A family can get hit by more than one disabling injury or illness. Maybe you were approved for Social Security Disability Insurance (SSDI) several years ago while your spouse kept working. Now your spouse has become seriously disabled too, but you’re worried that the Social Security Administration won’t approve SSDI benefits for someone who already gets benefits through their spouse.
If this describes your current situation, you can rest easy. There is no rule forbidding both members of a marriage from receiving SSDI benefits. And the level of benefits you get won’t be reduced if your spouse also gets approved. Instead, if approved, your spouse’s benefits will be calculated based on their work history and income, just like yours. However, receiving certain other benefits, like workers’ compensation, can reduce how much you or your spouse gets from the SSDI program.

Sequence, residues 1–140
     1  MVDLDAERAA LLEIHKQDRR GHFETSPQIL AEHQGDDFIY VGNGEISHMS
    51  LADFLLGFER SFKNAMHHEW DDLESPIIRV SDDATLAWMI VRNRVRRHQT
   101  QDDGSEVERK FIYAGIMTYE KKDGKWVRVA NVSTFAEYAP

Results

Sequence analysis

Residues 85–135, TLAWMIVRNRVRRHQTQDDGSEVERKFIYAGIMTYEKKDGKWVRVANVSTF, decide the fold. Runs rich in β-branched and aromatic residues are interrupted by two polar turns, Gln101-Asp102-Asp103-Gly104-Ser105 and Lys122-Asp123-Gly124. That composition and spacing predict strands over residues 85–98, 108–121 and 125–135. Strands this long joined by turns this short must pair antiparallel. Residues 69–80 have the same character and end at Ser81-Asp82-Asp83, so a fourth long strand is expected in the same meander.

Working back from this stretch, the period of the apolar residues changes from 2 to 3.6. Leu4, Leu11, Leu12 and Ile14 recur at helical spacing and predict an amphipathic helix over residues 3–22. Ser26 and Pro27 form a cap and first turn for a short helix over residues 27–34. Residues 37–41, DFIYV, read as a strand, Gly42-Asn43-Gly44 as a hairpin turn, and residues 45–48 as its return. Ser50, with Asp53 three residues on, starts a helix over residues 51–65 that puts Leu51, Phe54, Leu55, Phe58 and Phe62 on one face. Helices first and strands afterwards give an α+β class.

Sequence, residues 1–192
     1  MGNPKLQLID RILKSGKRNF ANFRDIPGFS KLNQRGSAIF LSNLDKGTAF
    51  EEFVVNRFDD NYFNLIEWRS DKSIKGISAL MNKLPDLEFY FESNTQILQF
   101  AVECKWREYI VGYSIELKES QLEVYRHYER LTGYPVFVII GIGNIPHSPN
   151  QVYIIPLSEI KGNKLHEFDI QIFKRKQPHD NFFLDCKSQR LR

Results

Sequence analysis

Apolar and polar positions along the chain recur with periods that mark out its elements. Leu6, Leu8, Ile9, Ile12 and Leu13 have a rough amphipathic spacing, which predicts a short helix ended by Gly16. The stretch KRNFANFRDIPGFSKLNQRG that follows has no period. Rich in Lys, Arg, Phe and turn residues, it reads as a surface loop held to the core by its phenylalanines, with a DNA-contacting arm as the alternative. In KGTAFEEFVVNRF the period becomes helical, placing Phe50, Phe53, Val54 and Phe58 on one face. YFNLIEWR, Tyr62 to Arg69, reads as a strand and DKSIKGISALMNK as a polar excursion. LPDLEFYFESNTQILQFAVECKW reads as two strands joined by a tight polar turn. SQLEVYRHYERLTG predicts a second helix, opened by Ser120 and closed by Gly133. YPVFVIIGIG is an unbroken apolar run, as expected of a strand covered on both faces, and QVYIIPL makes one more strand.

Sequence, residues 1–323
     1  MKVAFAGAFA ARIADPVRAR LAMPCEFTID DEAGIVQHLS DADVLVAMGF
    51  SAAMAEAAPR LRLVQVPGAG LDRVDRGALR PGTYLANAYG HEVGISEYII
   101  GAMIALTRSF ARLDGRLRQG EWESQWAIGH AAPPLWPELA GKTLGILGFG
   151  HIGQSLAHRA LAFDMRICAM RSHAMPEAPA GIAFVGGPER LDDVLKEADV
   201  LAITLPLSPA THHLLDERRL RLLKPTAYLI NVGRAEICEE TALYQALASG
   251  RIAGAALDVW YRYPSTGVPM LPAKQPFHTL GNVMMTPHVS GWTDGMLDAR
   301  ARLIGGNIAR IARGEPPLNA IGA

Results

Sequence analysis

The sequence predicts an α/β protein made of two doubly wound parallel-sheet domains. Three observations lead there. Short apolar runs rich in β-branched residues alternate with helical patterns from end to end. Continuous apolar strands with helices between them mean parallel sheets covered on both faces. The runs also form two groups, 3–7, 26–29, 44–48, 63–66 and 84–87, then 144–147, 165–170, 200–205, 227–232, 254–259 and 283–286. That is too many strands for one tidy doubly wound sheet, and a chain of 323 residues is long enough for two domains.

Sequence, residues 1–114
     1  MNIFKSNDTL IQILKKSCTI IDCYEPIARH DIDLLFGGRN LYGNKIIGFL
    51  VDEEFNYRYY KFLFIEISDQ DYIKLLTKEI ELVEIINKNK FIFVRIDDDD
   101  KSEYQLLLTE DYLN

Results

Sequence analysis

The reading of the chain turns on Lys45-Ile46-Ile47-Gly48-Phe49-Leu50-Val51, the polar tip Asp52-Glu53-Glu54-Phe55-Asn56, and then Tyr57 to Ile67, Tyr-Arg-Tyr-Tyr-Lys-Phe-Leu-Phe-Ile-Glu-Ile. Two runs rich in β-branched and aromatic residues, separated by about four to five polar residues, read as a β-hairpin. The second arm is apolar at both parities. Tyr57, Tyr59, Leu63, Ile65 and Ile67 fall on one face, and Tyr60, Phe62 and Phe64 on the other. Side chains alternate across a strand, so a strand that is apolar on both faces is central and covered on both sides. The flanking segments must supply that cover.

As married couples age, their ability to work can be affected by physical infirmity or serious, chronic illnesses like cancer or depression. Having two spouses unable to work at once can put them in serious financial peril. Fortunately, both spouses are equally qualified to apply for SSDI as long as they have a condition that is expected to prevent them from working for at least one year or likely result in their death.
Help for couples in trouble
If you have already been approved for SSDI benefits, you know how complicated the process can be, but many disabled Tennesseans get approved on the initial application. An attorney can help you avoid errors in your application that can delay the process and include medical and other evidence to make the most convincing case possible.